As the mixed race population grows, more families are faced with tough conversations about race in America, according to co-director of “Mixed” Leena Jayaswal. She spoke at a panel discussion about mixed race with a South Russell couple, Christina and Lazaro Lopez Jr., following the showing of the film at the Chagrin Documentary Film Festival on Oct. 6.
The 12th annual five-day fest in Chagrin Falls ended on Oct. 10.
In “Mixed,” Ms. Jayaswal and co-director Caty Borum Chattoo explore interracial marriages, mixed race children and America’s deep cultural ambivalence. Ms. Lopez said that racism looks different now than it did in the past. It is still present, she said, and children are encountering it at a young age.
Journalists Rick Jackson, 64, and Brenda Cain Jackson, 64, of University Heights moderated the panel discussion. They have a biracial son. Ms. Jayaswal, 49, of Silver Spring, Maryland said she identifies as Indian-American and her husband is white. Ms. Lopez said she is mixed but presents as white. She said she is originally from Jamaica. Mr. Lopez is Hispanic.
“It’s so difficult starting these conversations and having these conversations especially with your kids and remaining age appropriate,” Ms. Lopez said. “How do you balance age appropriateness of things that are happening to them against the conversations that you have to have? I don’t know how to do that. I don’t think any parent knows how to do that.”
Ms. Jayaswal said she often thought about being in an interracial relationship, but did not think about having a mixed race child until her son was born. Other people ask her “Where are you from,” she said, and ask her son “What are you?” referring to his race. Interracial families talk about race often, Ms. Jayaswal said, but white families need to talk about it too. The film “Mixed” is meant to give a glimpse into things that mixed race people experience, including tough conversations between families and how mixed race people are treated by others.
“We’re just representing each person’s own mixed race experience. That may not be the same as yours or your children’s,” Ms. Jayaswal said.
Ms. Lopez said since she appears white but identifies as mixed, other people often make statements that are not consistent with how she identifies, creating “awkward” situations. People in different parts of the country have varying views, she said. Ms. Lopez added that the social construct of race is different in Jamaica, where she grew up.
“I look very white and I’m treated very white,” she said. “That is how the world sees me and that is how the world treats me and that is how they react to me. I can’t presume to enter a space of black people and relate to their experiences because I don’t have the same experiences because people don’t treat me the same way.”
Mr. Lopez said that mixed race people and families need advocates. In the film, the Houstonia Magazine in Houston, Texas received backlash after an advertisement with a mixed race family was published. The mother was white, the father was black and there were three biracial children shown in the ad. Editor Scott Vogel said that they were a real family, not actors. The magazine received several calls from angry readers about the interracial family. He said he receives calls from readers who want to cancel their subscription for various reasons from time to time, but this incident felt different.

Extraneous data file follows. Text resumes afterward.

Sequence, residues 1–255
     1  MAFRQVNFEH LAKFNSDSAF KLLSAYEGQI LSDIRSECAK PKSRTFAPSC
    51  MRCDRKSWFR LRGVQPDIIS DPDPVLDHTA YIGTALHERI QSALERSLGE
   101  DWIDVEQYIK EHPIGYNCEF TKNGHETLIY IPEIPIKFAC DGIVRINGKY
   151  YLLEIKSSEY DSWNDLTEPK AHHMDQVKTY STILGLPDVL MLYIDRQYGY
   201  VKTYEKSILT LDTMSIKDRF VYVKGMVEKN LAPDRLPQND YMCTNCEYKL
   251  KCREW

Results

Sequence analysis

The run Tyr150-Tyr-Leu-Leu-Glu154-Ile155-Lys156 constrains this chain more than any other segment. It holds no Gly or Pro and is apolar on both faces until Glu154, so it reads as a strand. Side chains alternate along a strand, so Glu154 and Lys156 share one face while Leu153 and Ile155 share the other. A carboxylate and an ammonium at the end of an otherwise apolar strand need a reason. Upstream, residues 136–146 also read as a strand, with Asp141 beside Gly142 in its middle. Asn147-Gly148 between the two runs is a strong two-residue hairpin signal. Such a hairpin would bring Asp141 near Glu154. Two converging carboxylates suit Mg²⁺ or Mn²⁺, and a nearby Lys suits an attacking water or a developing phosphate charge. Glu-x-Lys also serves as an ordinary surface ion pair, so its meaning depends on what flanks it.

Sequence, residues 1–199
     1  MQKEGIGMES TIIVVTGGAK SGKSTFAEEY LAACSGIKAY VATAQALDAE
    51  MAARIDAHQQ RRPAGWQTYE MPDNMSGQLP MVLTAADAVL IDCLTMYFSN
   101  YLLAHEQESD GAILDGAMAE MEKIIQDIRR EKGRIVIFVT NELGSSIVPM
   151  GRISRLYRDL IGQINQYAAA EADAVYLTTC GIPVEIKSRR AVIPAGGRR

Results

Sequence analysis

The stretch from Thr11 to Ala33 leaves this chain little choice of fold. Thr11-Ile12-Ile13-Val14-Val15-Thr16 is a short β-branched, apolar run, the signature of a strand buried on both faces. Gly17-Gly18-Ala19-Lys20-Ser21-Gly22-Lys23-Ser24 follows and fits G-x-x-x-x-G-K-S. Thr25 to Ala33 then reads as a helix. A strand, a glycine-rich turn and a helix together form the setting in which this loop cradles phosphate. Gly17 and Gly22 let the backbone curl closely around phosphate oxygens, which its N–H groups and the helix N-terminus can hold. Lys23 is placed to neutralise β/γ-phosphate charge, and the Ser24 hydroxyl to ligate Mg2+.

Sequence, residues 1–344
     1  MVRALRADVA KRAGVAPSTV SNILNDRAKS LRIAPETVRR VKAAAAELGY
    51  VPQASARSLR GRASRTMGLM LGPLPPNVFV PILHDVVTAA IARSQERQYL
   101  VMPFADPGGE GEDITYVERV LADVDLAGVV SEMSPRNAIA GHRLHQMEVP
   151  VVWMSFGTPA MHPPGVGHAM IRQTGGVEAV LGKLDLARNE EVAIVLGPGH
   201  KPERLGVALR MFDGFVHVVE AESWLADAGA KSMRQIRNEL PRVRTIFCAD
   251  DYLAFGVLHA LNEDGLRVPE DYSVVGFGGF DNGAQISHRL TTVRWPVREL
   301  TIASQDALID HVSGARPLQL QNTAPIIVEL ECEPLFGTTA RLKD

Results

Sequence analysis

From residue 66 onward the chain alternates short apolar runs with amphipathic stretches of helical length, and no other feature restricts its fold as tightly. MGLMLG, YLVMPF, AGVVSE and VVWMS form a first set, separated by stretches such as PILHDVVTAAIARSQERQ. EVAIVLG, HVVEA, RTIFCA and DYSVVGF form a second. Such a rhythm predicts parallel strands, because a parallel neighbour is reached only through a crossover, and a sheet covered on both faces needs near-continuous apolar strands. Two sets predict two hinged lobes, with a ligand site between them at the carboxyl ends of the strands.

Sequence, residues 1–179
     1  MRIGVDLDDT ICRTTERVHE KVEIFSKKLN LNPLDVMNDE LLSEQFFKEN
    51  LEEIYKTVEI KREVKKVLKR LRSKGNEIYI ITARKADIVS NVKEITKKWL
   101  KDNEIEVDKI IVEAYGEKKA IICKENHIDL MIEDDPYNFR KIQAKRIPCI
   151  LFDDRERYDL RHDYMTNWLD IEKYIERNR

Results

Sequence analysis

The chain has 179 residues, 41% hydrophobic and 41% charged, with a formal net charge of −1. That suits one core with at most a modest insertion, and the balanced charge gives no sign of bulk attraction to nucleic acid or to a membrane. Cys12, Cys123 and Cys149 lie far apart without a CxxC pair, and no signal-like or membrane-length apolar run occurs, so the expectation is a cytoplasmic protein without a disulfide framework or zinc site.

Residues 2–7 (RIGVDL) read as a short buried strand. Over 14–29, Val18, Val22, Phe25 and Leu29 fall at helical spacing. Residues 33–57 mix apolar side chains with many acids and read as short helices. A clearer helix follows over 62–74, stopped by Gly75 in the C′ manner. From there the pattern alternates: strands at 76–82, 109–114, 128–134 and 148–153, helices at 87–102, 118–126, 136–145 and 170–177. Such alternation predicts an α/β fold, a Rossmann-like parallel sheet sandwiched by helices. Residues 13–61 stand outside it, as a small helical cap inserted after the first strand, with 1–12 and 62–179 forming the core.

“Why can’t we cancel a reader if they do something offensive to us?” Mr. Vogel said in the film.
He wrote an editor’s note about the debacle called “Racist readers need not apply” in 2015. Co-director Ms. Borum Chattoo said she was “moved” by Mr. Vogel’s editor’s note because he, a white man, stood up for mixed race families. At the panel discussion, Mr. Lopez agreed.
“We need advocates,” he said. “Often we come off, when we’re talking about diversity, or we’re talking about inclusion, or hot topics about whatever’s happening in our country, it’s offensive because we’re talking about it. But when we have someone who doesn’t look like us that advocates for us, like the editor in Houston, that was such a moment for me to connect with what you (the other panelists) captured.”
Amity Hoffman, 44, of Sarasota, Florida told the panelists that she produces commercials as her regular job. She said it is “advertising’s duty” to normalize what a modern family looks like. She said not all families are homogenous. Ms. Hoffman is also a filmmaker for “The Best Show in Town,” which was shown at the festival last week. She also commented on how social media influences children.
“Social media educates our children sometimes before we get the chance to educate our children,” Ms. Hoffman said. “Some of the kids are already so aware of things that we growing up would have not been aware of because we didn’t have those resources, the TikToks and the Instagrams of the world.”
The Lopez parents agreed that they are happy they moved to South Russell with their mixed race family. The community has been “amazing and welcoming,” Ms. Lopez said. They said they would like to have open, honest conversations to get to know other community members.
There is more information about the film at mixeddocumentary.com.